On This Day

Today, the day after Thanksgiving, is officially Native American Heritage Day. It was signed into law by President George W. Bush. The bill was introduced by Congressman Joe Baca and supported by 184 federally recognized tribes. It was seen as one small way to pay tribute to Native Americans for their many contributions to the United States.

painting
The sanitized version of the first Thanksgiving that many Americans were taught in school. (Painting by JLG Ferris, 1932, Library of Congress.]

Celebrating Thanksgiving as a holiday dates back to the early history of the Plymouth and Massachusetts Bay colonies. Post-harvest holidays were celebrated on Thursdays which was also seen as “Lecture Day” because it was when church meetings occurred with topical lectures (sermons) were given.

The Thursday meeting best remembered happened in the autumn of 1621, when Plymouth governor William Bradford invited local members of the Wampanoag tribe to join the Pilgrims in a festival held in gratitude for the bounty of the season.

The actual day for Thanksgiving has changed a few times. In 1777, the Continental Congress declared the first national American Thanksgiving following the Patriot victory at Saratoga. In 1789, President Washington proclaimed Thursday, November 26, as a day of national thanksgiving for the U.S. Constitution. In 1863, President Lincoln declared Thanksgiving to officially fall on the last Thursday of November.

In 1939, Franklin D. Roosevelt departed from tradition by declaring November 23, the next to last Thursday that year, as Thanksgiving Day. That did not go over well. He backtracked in 1941 and signed a bill into law officially making the fourth Thursday in November the national holiday of Thanksgiving Day.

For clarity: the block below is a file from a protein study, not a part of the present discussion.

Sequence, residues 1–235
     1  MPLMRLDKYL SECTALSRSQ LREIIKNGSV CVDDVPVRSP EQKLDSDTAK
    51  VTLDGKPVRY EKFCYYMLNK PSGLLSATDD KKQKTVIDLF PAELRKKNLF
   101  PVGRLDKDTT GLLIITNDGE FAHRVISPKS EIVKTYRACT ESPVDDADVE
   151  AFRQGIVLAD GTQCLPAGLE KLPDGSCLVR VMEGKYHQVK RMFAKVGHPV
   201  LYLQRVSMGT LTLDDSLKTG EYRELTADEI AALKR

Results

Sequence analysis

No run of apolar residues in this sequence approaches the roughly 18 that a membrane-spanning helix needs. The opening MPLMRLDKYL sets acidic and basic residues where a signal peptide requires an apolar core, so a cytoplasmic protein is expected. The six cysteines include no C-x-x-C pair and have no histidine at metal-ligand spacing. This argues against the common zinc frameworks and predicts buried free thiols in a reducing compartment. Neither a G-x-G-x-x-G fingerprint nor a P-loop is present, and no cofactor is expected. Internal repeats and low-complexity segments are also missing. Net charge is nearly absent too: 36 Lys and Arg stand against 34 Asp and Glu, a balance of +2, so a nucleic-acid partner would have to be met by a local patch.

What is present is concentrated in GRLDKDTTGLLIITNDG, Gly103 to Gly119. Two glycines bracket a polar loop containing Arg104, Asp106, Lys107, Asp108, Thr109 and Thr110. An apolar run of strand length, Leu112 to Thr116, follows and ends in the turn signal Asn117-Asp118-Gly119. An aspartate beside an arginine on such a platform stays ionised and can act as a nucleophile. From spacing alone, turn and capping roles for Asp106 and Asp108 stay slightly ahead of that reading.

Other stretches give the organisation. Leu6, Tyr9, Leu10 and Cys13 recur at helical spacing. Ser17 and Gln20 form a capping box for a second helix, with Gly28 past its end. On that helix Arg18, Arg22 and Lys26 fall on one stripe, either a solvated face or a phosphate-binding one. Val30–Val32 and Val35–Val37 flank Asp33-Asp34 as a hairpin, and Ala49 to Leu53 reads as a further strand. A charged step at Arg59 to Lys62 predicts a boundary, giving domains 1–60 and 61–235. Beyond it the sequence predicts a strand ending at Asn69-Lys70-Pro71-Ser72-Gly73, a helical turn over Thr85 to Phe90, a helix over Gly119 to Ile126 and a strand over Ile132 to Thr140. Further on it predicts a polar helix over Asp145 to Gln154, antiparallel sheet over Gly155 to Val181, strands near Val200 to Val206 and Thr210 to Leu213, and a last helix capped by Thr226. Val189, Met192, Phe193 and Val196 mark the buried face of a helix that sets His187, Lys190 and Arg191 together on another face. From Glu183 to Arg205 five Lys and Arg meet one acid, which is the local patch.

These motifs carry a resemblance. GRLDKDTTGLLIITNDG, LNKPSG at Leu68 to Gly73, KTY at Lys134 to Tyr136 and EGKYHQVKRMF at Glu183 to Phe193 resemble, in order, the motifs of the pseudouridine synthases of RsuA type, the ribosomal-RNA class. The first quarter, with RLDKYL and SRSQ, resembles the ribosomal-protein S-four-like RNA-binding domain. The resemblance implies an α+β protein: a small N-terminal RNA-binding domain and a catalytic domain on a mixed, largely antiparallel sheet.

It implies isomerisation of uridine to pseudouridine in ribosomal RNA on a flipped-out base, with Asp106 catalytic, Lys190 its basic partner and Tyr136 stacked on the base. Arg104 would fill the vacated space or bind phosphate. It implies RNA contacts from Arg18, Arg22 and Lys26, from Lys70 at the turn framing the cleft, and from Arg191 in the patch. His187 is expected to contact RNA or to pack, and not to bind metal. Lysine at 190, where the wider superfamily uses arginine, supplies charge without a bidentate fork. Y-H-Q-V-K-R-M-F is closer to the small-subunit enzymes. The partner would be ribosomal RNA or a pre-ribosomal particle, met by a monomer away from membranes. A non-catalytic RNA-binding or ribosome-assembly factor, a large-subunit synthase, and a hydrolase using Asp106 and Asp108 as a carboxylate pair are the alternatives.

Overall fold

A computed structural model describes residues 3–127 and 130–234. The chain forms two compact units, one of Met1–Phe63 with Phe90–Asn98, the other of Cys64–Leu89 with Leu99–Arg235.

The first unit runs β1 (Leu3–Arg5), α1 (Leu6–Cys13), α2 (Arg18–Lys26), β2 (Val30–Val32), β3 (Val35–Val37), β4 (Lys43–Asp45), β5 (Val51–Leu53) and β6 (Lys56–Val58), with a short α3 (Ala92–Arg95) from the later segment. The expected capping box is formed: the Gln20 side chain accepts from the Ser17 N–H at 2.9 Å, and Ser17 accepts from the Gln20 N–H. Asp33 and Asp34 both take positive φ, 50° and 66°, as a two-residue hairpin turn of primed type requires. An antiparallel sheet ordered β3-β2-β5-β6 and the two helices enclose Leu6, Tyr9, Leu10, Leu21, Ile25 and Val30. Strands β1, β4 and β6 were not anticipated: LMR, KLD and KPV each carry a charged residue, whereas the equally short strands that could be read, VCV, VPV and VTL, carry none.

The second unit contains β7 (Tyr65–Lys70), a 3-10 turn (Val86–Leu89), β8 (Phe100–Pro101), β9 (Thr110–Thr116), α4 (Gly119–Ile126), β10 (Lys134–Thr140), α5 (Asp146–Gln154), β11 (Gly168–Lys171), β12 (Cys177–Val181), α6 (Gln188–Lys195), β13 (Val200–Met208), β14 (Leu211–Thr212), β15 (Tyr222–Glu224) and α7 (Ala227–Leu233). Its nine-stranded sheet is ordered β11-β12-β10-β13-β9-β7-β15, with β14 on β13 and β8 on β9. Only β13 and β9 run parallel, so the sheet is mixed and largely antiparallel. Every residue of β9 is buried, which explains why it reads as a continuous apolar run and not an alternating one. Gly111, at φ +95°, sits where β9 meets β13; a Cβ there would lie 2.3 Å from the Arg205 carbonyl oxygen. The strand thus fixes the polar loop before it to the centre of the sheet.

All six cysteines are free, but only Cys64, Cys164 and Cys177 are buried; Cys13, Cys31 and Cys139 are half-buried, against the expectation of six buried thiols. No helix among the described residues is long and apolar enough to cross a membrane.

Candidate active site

Though most tribes supported the holiday’s designation, not all Native Americans are in favor of today being Native American Heritage Day. (see this article) Some tribes celebrate their heritage day on a different date. To some, Thanksgiving Day is the “National Day of Mourning. The fact that today is more widely known as Black Friday also seems to be an unfortunate day to share. Both Thanksgiving and especially Black Friday can be days “of excess and gluttony and greed and aggressive capitalism” coming after a day that Native Americans see as is celebrated without any indication that millions of indigenous people died as a result of aggressive settler colonialism.

Early contacts between the Wampanoag Indians and colonists date from the 16th century when European merchant vessels and fishing boats traveled along the coast of New England. Captain Thomas Hunt captured several Wampanoag in 1614 and sold them in Spain as slaves. A Patuxet named Tisquantum (or Squanto) was bought by Spanish monks who attempted to convert him before setting him free. He accompanied an expedition to Newfoundland as an interpreter, then made his way back to his homeland in 1619 — only to discover that the entire Patuxet tribe had died in an epidemic.

In 1620, the Pilgrims arrived in Plymouth, and Tisquantum and other Wampanoag taught them how to cultivate the varieties of corn, squash, and beans (the Three Sisters) that flourished in New England, as well as how to catch and process fish and collect seafood. They enabled the Pilgrims to survive their first winters, and Squanto lived with them and acted as a middleman between them and other neighboring tribes.Today is Native American Heritage Day